Stocks give up rally and end lower as volatility continues

A man wearing a face mask walks past a bank's electronic board showing the Hong Kong stock index in Hong Kong, Thursday, Jan. 27, 2022. Asian stock markets fell by unusually wide margins on Thursday after the Federal Reserve said it plans to start raising interest rates soon to cool inflation.  (AP Photo/Kin Cheung)

A man wearing a face mask walks past a bank’s electronic board showing the Hong Kong stock index in Hong Kong, Thursday, Jan. 27, 2022. Asian stock markets fell by unusually wide margins on Thursday after the Federal Reserve said it plans to start raising interest rates soon to cool inflation. (AP Photo/Kin Cheung)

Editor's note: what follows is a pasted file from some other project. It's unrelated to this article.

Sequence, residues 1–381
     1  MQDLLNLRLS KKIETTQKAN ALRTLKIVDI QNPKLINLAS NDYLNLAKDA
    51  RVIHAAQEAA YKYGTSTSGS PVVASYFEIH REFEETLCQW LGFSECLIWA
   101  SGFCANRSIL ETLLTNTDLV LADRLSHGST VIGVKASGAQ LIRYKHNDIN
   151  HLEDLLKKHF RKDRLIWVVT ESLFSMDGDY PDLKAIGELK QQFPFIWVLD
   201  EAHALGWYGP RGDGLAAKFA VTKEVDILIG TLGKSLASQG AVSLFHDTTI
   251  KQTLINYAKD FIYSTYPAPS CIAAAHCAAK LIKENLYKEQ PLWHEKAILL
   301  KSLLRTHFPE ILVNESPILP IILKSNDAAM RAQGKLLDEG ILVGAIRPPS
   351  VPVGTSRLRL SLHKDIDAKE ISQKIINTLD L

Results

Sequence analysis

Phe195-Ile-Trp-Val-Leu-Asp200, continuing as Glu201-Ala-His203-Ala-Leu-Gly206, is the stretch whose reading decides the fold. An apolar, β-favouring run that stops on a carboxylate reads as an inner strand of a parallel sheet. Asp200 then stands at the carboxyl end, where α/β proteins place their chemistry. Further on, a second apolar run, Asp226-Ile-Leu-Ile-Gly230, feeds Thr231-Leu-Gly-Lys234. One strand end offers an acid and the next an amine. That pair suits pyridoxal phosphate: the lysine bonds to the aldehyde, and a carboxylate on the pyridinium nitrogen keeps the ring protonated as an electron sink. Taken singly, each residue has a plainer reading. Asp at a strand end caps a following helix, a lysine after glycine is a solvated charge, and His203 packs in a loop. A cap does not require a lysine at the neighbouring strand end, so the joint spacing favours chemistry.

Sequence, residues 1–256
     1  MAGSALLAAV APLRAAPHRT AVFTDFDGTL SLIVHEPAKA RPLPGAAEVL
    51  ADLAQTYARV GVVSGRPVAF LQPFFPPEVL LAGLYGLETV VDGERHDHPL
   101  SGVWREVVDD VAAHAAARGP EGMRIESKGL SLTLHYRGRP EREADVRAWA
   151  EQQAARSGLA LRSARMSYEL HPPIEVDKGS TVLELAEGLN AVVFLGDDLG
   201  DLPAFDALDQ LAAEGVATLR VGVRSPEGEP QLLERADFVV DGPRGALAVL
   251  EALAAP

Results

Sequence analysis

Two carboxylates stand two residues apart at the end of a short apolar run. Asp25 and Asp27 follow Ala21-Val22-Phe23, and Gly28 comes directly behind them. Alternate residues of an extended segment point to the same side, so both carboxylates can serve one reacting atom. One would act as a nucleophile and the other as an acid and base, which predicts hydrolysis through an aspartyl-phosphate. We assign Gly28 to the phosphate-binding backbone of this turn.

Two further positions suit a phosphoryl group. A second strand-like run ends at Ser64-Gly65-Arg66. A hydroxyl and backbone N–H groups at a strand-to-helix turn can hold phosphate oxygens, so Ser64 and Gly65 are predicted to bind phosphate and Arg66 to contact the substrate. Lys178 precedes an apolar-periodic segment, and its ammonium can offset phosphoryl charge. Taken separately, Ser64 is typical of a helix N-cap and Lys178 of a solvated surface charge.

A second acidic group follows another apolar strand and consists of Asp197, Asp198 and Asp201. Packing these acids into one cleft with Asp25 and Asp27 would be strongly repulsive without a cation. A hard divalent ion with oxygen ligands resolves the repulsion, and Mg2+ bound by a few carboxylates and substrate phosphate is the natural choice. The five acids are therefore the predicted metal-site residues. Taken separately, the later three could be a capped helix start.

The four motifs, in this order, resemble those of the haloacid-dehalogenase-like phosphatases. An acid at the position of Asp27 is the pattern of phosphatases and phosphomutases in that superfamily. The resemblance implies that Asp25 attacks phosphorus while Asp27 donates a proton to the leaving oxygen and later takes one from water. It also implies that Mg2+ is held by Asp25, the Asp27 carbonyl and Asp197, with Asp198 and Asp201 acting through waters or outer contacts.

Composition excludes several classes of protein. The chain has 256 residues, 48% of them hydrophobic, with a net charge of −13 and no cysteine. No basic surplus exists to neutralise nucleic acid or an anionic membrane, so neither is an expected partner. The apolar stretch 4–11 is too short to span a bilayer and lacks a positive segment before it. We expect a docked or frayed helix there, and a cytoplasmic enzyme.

Another volatile trading day on Wall Street ended Thursday with stocks closing lower after giving up an early rally. The late afternoon fade extended the market’s losing streak as it nears its fourth weekly loss.

Markets are still processing the latest indications from the Federal Reserve a day earlier that the central bank is increasingly concerned about inflation and plans to raise interest rates and take further steps soon. measures to combat it. Investors were encouraged by strong US economic growth figures, which showed the biggest rise in GDP last year since 1984.

The S&P 500 fell 0.5%. The benchmark was up 1.8% at the start. The Dow Jones Industrial Average slipped less than 0.1% and the Nasdaq fell 1.4%. Small company stocks fell more than the broader market, sending the Russell 2000 Index down 2.3%.